I don't actually agree with this. For
to hold out as long as they did, defending their Marxist and Socialist ideals,
took a lot of guts. They are the only country to hang on to Marxist-Leninist
ideals, while all the other countries in Cuba Latin America
caved in. They have paid a heavy price. They have lived with a strangled
economy. They have been an underdeveloped country since the revolution of 1959.
When the Soviet Union collapsed they could
have surrendered to imperialism as almost all the other Marxist regimes. But
they didn't. Now they have the possibility of rebuilding the infrastructure of
their economy and bringing in tourist, which not only bring in badly needed
cash but also allow them to show off their .
I can't blame them for what they are doing. It may do more good in the long run
than trying to support the now defunct pro-Cuban revolutionaries who have all
but vanished in Marxist Island Latin America. I will post
this, anyway- out of the spirit of fair play. -សតិវអតុ
From A World to Win News Service:
What future for
did the handshake between Barack Obama and Raul Castro herald? Cuba
It was a heartbreaking moment when the chief of a government that once symbolized defiance to the despised "Yankee empire", as Cubans and others in revolt against U.S. domination labelled it, shook hands with the "honest man", as Castro now praised the man currently in charge of that empire.
In 1959, Raul Castro's older brother Fidel, Che Guevara and others, led Cubans to overthrow a hated U.S.-backed regime that murdered as many as 20,000 people in its last years and exemplified the empire's disdain for the lives of the people of Latin America and the oppressed everywhere. When Fidel came to speak at the UN in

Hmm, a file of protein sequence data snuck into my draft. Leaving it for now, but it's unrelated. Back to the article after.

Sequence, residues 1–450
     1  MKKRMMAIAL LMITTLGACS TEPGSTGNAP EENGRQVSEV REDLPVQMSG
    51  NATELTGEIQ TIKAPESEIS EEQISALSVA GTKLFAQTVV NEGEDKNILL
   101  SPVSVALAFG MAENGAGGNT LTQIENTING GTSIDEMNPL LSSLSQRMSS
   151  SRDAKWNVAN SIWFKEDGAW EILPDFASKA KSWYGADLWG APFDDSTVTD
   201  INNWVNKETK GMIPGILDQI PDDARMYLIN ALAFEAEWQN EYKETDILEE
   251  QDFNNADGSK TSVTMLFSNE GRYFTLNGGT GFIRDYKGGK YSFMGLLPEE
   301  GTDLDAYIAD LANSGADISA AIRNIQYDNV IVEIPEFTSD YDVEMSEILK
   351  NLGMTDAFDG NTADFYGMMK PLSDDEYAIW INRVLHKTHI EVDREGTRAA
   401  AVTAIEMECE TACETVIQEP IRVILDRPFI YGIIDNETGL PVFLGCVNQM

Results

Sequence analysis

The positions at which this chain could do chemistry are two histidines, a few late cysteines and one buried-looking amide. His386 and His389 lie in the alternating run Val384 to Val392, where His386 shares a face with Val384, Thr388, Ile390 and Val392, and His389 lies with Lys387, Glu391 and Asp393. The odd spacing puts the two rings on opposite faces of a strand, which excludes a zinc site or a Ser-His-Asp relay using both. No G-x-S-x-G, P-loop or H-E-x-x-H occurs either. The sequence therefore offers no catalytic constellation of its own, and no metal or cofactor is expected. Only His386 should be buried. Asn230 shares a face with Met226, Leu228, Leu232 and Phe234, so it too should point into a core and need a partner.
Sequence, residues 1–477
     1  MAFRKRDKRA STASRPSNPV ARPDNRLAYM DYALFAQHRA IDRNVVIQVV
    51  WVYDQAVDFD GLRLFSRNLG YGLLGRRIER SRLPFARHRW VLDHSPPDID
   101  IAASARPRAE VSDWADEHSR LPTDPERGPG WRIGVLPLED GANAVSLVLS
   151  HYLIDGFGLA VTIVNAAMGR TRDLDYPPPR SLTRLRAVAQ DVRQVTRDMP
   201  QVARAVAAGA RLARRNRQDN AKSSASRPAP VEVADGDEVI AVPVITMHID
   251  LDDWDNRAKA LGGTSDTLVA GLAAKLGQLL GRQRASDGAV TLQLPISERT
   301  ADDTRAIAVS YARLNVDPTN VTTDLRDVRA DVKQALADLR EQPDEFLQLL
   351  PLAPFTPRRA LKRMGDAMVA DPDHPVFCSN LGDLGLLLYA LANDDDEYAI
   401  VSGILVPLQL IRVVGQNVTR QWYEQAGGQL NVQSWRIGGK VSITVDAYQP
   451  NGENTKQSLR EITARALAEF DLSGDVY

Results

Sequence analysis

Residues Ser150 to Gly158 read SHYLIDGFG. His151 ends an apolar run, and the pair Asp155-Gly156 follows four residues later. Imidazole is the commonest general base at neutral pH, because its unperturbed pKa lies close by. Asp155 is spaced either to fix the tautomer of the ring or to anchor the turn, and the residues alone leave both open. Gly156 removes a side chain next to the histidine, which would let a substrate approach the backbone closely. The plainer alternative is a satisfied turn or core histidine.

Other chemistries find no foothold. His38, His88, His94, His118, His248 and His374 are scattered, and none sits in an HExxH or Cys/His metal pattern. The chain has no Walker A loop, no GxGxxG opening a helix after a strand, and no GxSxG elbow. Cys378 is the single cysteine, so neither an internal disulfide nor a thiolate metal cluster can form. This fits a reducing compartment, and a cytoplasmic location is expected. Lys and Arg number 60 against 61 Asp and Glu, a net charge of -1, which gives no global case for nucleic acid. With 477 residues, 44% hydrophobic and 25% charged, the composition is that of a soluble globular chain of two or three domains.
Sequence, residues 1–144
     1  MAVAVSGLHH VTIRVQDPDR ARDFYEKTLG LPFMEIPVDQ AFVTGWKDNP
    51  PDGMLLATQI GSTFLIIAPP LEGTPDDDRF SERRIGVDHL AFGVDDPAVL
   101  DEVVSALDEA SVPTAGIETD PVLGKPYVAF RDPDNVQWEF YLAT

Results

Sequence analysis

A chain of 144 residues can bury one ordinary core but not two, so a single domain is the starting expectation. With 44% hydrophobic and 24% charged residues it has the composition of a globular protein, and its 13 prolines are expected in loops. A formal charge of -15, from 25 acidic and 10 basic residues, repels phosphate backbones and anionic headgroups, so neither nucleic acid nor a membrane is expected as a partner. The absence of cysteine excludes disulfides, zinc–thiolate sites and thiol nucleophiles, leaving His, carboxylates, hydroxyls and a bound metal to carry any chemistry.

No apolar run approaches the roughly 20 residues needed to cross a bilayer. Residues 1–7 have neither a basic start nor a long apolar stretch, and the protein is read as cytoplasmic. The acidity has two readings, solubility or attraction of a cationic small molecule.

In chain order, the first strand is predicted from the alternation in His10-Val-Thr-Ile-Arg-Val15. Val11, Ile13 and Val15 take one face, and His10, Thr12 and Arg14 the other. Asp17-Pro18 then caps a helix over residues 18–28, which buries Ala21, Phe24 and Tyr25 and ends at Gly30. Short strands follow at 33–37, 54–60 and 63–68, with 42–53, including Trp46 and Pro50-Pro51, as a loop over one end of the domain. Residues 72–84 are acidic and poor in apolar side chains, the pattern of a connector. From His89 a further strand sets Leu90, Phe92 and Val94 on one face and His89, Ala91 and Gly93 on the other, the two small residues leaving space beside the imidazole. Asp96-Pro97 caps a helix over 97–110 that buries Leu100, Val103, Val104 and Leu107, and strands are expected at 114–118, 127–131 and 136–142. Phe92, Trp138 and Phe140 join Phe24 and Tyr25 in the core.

New York shortly after, thousands of African-Americans
and others thronged to the hotel in Harlem he
chose to stay over the luxury accommodations of other heads of state. Today's
handshake was a bitter moment for Cubans and people globally, including in the
U.S., where Obama and the state machinery in general would like this gesture to
relieve some of the discredit earned it by the man who is now presiding over
the "slow genocide", as it has been called, of African-Americans, and
wars of aggression and attempts to reboot American hegemony throughout so much
of the world.
One especially bitter element in this moment was the way Obama focused on the possibility of removing Cuba from his government's "international terrorism" list as a way to bludgeon the submissive Castro regime into even more submission. It is the U.S. that held sway over Cuba through terrorist tyrants for decades, that attempted to invade Cuba to bring back the old regime two years after it was overthrown, that mounted all sorts of terrorist attacks on the new regime including, most notoriously, blowing up an Havana-Caracas flight full of civilians, and constantly plotted to bring down the regime through the assassination of its leaders. The history of Cuban-American relations is a history of